Trusteeship: Getting younger people involved

3 November 2011

Alex Swallow works in development and communications for a small national charity. He has been a Trustee at Centre 404 for more than two years. At the AGM this summer he also became Co Vice Chair and Company Secretary. As well as his work as a trustee he is a mentor on a leadership programme at the Young Foundation, has been an intern for two MPs and worked in Japan. He is passionate about getting younger people involved in Trusteeship. 

Trustees’ Week is a fantastic opportunity to celebrate people who are already doing great things as Trustees and to attract more people to Trusteeship. My personal focus is to try to get young people interested. About a year ago I was at the NCVO Annual Trustee Conference and when I looked around it struck me how few younger people there were. I started to investigate the national situation a little more and found some shocking statistics from the Charity Commission about how few younger people are involved: 0.5% of people between the ages of 18 and 24.

In this I saw a problem and an opportunity. The problem is that charities are missing out on the skills and talents of a large part of the population. Young people are the leaders of tomorrow – if for whatever reason they don’t feel able to be involved in a charity at a decision making level that is surely a shame and a minus for the sector. But the opportunity is that in many cases I believe that young people simply do not realise that they are able to be Trustees. So, if we were able to raise awareness, we could make a large difference quickly. Also, in this economic climate it is even more important for younger people to acquire transferrable skills and being a Trustee gives you the potential to learn a huge range.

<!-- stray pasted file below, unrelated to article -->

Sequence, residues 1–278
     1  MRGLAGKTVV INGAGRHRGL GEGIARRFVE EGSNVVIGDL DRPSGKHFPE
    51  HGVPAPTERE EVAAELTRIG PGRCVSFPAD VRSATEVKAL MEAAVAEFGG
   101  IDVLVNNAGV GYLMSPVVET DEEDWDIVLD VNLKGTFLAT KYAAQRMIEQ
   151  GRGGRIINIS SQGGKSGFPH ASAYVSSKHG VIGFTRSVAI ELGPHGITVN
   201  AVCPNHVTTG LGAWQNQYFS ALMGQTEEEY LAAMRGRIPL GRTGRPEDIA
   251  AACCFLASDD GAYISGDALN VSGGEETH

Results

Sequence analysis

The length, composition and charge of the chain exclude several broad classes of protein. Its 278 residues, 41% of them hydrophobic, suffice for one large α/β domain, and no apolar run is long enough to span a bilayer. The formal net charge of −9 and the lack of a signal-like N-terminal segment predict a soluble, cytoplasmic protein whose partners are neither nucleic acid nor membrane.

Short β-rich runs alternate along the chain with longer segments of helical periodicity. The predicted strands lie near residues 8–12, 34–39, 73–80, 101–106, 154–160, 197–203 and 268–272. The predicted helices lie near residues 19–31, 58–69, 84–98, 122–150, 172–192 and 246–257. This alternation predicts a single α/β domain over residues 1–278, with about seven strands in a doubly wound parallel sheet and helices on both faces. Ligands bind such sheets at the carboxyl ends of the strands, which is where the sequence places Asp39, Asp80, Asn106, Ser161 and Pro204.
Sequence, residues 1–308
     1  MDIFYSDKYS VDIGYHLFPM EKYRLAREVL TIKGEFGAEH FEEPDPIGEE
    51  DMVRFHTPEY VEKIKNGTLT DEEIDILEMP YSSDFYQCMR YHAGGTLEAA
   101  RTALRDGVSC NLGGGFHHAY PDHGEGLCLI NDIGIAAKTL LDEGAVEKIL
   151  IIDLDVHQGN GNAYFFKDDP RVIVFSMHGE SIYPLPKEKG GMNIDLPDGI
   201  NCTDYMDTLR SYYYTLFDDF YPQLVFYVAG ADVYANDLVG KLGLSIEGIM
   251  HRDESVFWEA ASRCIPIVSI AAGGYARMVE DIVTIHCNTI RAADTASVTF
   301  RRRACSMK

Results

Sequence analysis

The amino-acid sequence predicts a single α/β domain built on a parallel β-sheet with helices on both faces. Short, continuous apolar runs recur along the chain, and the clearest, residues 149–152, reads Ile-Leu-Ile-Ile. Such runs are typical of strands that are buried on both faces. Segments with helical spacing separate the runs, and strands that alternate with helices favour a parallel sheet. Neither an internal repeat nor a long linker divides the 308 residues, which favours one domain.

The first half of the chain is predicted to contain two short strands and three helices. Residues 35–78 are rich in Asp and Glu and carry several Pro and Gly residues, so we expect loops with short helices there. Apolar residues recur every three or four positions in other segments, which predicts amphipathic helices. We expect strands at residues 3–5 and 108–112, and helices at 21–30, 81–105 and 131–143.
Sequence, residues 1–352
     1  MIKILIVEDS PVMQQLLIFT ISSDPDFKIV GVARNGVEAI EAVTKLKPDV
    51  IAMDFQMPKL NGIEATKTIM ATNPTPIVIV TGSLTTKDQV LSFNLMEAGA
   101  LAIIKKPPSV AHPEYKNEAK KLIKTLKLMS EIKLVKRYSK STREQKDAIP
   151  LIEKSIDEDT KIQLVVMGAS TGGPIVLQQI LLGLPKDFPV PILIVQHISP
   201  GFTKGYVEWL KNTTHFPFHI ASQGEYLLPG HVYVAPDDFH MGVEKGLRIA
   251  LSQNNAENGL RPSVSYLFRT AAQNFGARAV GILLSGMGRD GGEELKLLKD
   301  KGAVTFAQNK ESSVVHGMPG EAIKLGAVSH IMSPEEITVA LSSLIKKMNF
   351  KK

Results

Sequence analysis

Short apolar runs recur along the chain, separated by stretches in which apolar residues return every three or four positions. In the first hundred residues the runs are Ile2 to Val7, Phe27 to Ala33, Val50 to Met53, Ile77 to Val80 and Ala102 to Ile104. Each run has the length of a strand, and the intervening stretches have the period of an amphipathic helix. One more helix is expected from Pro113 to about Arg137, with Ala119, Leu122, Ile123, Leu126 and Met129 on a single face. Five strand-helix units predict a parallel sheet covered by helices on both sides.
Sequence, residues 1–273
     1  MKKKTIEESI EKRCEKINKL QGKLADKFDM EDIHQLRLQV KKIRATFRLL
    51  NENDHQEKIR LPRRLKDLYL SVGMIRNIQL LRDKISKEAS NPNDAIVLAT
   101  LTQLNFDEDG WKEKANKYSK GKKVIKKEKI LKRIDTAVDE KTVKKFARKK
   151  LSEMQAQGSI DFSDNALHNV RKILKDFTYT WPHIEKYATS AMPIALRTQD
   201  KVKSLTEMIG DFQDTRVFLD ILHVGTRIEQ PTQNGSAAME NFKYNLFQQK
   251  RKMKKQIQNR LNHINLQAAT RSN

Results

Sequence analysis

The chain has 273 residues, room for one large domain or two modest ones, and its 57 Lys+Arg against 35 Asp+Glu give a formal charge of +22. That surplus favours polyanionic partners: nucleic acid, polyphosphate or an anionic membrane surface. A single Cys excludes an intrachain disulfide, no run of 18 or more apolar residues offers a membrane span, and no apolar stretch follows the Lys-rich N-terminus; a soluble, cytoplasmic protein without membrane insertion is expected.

I decided to set up a group called ‘Young Charity Trustees’ on LinkedIn. It now has more than 200 members, including some of the youngest trustees in the country and senior professionals who are able to offer advice. People in the group are asking questions and starting debates about the duties of Trusteeship, inquiring about how to become a Trustee and supporting others. I’ve started to work with both local and national organisations to promote the group and am encouraging them to post Trustee opportunities with us as well. In addition, I am trying to bring attention to organisations around the country who are already doing great work in this area and have innovative approaches to getting younger people involved at Board level. If the group encourages even a single young person to consider trusteeship I will be happy.

I have thoroughly enjoyed my own time as a Trustee so far. Centre 404 handled everything so well that they have given me a lot of ideas about how to make potential younger trustees feel comfortable about joining a charity. It is of course important that when younger people do become Trustees that they are made to feel welcome and supported in the organisation. But the real problem is simply that many are never asked to be involved. Hopefully Trustees’ Week this week will go some way towards changing that.

This is the fourth in a series of blogs to mark Trustees’ Week, an annual event to showcase the great work that trustees do and highlight opportunities for people from all walks of life to get involved and make a difference. You can find out more about Trustees’ Week and about becoming a trustee here.